Students walk to class at Forsyth Central High School in August, 2020. The Georgia Board of Education is set to consider a proposal condemning the teaching of critical race theory in Georgia classrooms.

Students walk to class at Forsyth Central High School in August, 2020. The Georgia Board of Education is set to consider a proposal condemning the teaching of critical race theory in Georgia classrooms.

Credit: Ross Williams/Georgia Recorder

The Georgia Board of Education has scheduled a special called meeting Thursday to discuss Gov. Brian Kemp’s call to ban the teaching of “critical race theory” in Georgia public schools.

Critical race theory is an academic framework defining racism as upheld through legal and social structures rather than simply individual bias. Critical race theorists argue that racial disparities in matters like wealth or education arise from policies that favor white people over Black people.

Some conservatives say the theory amounts to racism against white people and slander against American principles of equality. Kemp entered the growing national debate in late May with a letter to the state school board that called the theory “divisive and anti-American.”

The board is set to consider a resolution declaring that “concepts that impute fault, blame, a tendency to oppress others, or the need to feel guilt or anguish to persons solely because of their race or sex violate the premises of individual rights, equal  opportunity, and individual merit underpinning our constitutional republic, and therefore have no place in training for teachers, administrators, or other employees of the public educational system of the State of Georgia.”

The resolution says the department believes no federal grant should be accepted that includes curriculum that would “indoctrinate students in social, or political, ideology or theory, or promote one race or sex above another” and that educators should not teach anything suggesting that one race or sex is superior to another or that members of a race should feel guilty about their identity.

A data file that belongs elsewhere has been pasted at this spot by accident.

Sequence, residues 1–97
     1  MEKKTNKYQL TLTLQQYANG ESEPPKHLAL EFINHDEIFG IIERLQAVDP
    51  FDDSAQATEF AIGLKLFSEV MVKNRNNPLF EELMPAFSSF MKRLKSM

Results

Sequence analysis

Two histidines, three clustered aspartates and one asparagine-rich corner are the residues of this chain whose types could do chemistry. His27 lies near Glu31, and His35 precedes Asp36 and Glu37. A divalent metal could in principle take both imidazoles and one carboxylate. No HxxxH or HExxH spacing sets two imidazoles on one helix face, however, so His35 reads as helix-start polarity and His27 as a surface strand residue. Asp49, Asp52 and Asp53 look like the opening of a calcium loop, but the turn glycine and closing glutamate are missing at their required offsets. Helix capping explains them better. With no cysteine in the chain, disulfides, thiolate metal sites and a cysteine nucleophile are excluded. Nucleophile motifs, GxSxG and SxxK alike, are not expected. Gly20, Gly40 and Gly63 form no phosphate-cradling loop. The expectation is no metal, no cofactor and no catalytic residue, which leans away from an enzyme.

It also says no teacher should teach that “the advent of slavery in the territory that is now the United States constituted the true founding of the United States; or that, with respect to their relationship to American values, slavery and racism are anything other than deviations from, betrayals of, or failures to live up to, the authentic founding principles of the United States, which include liberty and equality.”

Critical race theory came about in the 1970s and it remained a niche academic term until about a year ago. But it has bubbled to the surface of the American culture wars in recent months after protests over racial injustice rocked American cities and state legislatures passed bills critics said were aimed at diminishing the power of Black voters.

Lately the issue has grown into a political rallying cry for Republican lawmakers in Washington, D.C., including northwest Georgia's Rep. Marjorie Taylor Greene who vows to fight for a ban on funding for teaching critical race theory.

In Cherokee County, angry parents crowded into a meeting last month to harangue school board members into a resolution opposing teaching of critical race theory, something the school board never planned to do.

Following the meeting, a newly hired administrator overseeing social and emotional learning and diversity, equity and inclusion withdrew her acceptance of the job after false rumors spread online that she was being hired to implement critical race theory into the curriculum.

Georgia officials are jumping into a growing national controversy that other states are reacting to with new laws.

Governors in Idaho, Tennessee and Oklahoma have signed measures to forbid the teaching of critical race theory in schools this year. Arkansas’ Republican governor let a similar measure become law without his signature, while a proposal in Iowa is waiting for Gov. Kim Reynolds’ approval.

The Georgia Legislature did not take up critical race theory legislation in this year’s session that ended in early April as the controversy brewed, but Cherokee Republican Rep. Brad Thomas has said he is working on a bill to introduce ahead of the 2021 legislative session.

Georgia Republicans heading into next year’s election are likely considering the opinion of former President Donald Trump, who railed against critical race theory from the White House and proposed an alternative “patriotic education,” which he said would provide a more “pro-American” curriculum.

On Wednesday, Trump slammed Arizona Gov. Doug Ducey after the former president said he vetoed a bill that would have outlawed critical race theory training for state employees, calling Ducey a RINO, or Republican in name only.

“For those of you who think Doug Ducey is good for Arizona, you are wrong,” Trump said.

This story comes to GPB through a reporting partnership with Georgia Recorder.